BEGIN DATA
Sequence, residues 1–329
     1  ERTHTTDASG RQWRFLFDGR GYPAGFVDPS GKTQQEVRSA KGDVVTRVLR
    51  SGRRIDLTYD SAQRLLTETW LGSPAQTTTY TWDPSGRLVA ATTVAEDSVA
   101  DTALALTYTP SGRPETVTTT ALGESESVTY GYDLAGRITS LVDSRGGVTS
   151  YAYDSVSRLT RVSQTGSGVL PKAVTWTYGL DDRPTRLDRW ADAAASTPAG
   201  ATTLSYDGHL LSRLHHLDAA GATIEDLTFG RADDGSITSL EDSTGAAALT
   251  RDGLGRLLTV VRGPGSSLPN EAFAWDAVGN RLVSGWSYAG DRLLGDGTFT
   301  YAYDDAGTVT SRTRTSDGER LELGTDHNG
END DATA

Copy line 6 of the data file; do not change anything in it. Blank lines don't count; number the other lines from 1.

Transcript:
   201  ATTLSYDGHL LSRLHHLDAA GATIEDLTFG RADDGSITSL EDSTGAAALT